No one could accuse Ricky Skaggs of being prideful. The first time I met him was backstage at the Grand Ole Opry. He’d just finished up a vibrant set on the stage he’s been playing on since his adolescence, yet his presence was one of pure humility. At the time, I merely knew him as a talented bluegrass musician. It wasn’t until later that I learned he’d been playing since he was a small child, picking up the mandolin at age five. Over the course of his career, Ricky has earned over 14 Grammys, 8 CMA awards and at the time of his induction, he was the youngest person to become a member of the Opry.

However, sitting down to coffee with him is like hanging out with your favorite uncle. Ricky’s zeal for life is contagious, and you can’t help but be captivated by his colorful tales, in which the main characters are individuals like Bill Monroe (the godfather of bluegrass), Linda Ronstadt, Emmylou Harris and Carl Perkins. For Ricky, this isn’t name-dropping, it’s sharing stories of people he’s deeply cared for, and worked with, most of his life.




Bluegrass is a musical genre that, to this pop-driven generation, is long gone. It’s the music of our grandparents and great-grandparents. It conjures images of families sitting around radios, rather than televisions. Yet Ricky Skaggs firmly attests that bluegrass is alive and well, filled with young people craving a taste of history — carefully eyeing Skaggs’ famed mandolin licks in hopes of emulating them one day. More than just bluegrass, Ricky has hope in a future for all music. One where the songwriters and artists are at the top of the totem pole.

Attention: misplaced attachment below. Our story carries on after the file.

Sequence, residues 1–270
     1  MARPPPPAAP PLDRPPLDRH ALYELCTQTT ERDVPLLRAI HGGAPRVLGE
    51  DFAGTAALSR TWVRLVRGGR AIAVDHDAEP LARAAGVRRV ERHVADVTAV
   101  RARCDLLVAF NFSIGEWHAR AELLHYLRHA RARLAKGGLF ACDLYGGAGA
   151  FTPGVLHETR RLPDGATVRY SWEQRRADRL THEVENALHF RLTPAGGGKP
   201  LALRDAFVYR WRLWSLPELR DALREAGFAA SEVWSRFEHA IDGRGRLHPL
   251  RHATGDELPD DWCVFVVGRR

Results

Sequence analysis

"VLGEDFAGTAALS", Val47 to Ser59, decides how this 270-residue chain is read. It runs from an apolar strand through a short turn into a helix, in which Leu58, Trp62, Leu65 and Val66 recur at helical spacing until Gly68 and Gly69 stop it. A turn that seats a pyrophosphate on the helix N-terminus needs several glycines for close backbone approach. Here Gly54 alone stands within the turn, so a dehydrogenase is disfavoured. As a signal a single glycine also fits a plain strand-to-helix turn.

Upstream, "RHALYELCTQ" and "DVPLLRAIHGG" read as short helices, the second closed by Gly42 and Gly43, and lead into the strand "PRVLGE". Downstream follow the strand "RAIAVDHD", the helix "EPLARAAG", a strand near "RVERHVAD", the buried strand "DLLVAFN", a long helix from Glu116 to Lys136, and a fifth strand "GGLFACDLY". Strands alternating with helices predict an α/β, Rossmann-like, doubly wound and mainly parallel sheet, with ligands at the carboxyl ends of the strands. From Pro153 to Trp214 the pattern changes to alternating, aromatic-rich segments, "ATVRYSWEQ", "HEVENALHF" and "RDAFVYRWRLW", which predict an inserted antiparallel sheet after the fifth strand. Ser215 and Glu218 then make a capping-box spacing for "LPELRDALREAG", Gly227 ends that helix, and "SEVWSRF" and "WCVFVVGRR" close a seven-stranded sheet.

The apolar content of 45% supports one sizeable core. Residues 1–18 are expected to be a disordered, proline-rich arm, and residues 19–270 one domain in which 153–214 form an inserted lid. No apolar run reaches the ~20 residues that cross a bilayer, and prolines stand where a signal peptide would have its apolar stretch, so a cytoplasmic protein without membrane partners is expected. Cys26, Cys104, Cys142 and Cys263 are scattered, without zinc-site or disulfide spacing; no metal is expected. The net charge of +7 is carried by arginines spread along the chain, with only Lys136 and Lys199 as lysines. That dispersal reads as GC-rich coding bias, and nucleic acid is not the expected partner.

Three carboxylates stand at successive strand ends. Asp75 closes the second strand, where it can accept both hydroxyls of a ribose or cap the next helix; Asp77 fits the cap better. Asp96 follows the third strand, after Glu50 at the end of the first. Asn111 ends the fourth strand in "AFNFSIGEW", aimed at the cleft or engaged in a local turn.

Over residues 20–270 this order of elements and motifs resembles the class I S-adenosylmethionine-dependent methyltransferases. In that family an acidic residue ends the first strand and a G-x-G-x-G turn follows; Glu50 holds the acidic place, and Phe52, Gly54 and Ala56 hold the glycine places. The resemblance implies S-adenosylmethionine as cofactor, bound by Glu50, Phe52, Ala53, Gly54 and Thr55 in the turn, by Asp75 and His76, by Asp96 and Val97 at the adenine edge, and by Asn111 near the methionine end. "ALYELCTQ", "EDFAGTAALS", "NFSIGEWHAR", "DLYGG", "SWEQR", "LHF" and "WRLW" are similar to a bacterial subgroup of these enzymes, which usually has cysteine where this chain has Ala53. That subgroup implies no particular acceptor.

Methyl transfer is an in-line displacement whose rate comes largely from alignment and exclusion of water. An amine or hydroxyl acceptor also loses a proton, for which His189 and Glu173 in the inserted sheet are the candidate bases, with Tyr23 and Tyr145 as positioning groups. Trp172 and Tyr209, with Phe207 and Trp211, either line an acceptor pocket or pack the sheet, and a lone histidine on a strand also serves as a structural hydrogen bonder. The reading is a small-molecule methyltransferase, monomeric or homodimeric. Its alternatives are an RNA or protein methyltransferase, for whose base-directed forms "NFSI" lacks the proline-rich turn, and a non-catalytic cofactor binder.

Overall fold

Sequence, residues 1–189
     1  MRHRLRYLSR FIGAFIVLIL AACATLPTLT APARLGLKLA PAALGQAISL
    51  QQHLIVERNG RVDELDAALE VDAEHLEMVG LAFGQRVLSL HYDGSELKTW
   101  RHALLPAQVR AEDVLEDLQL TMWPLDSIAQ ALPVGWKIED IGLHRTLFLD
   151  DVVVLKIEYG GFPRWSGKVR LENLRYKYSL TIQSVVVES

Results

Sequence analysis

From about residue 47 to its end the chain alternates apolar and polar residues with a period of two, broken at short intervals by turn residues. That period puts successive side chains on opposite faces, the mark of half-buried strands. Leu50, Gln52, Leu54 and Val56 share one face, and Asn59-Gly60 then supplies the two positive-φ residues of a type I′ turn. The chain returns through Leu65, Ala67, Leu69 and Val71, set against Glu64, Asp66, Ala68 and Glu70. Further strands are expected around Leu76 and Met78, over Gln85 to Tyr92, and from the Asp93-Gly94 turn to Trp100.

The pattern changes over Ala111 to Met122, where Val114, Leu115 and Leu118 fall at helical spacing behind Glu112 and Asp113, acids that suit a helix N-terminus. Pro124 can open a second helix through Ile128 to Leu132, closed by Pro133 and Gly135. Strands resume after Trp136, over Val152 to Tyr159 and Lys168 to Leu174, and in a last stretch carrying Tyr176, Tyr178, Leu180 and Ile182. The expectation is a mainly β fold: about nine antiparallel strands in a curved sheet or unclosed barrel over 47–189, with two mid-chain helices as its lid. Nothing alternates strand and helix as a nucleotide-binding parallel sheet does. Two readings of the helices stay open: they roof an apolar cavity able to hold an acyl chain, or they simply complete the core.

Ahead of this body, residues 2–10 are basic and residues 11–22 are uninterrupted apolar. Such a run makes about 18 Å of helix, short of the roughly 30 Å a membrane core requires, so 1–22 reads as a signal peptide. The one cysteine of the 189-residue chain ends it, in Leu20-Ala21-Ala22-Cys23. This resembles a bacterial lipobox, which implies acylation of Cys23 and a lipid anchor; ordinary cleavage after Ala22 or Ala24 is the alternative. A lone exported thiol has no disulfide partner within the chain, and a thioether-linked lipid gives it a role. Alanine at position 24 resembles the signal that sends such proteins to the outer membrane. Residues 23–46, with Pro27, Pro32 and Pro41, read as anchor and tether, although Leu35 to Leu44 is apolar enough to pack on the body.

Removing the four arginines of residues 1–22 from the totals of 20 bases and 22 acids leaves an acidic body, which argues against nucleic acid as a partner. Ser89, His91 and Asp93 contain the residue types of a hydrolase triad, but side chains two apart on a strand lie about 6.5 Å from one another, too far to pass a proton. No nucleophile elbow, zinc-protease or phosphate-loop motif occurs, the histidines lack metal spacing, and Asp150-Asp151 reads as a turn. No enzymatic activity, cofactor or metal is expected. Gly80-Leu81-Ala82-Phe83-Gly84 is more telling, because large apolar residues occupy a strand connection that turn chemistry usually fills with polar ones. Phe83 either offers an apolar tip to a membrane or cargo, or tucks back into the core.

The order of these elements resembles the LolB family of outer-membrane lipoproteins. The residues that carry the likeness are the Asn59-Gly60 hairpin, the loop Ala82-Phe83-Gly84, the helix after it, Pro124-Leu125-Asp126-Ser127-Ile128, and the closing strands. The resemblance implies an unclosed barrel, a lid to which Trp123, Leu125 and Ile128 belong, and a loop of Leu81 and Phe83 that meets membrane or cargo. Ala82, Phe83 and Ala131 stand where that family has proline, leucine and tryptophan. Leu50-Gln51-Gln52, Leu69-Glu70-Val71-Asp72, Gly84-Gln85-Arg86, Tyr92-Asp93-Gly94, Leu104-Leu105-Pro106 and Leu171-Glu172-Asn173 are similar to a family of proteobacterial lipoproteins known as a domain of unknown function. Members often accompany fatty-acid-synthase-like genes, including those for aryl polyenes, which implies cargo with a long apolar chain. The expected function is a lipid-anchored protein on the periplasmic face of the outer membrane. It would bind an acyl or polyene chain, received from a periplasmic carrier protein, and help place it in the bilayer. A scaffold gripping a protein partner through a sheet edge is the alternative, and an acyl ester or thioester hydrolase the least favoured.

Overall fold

“The joy of playing got on me early in my life.” This is how Ricky Skaggs begins his life story as we chat over coffee, something he’s surprisingly knowledgeable about — he loves a good pour over. He walks me through his childhood, how his father was the catalyst that launched him into music, and how he’d play records on a wind up vinyl player, slowing them down so he could memorize the chords. Ricky recounts his first meeting with Bill Monroe when he was a child, describing to me how massive Mr. Monroe seemed to him. A fact I find ironic, as Ricky seems so big to me. Not just because of his natural stature, but because of his undeniably large presence.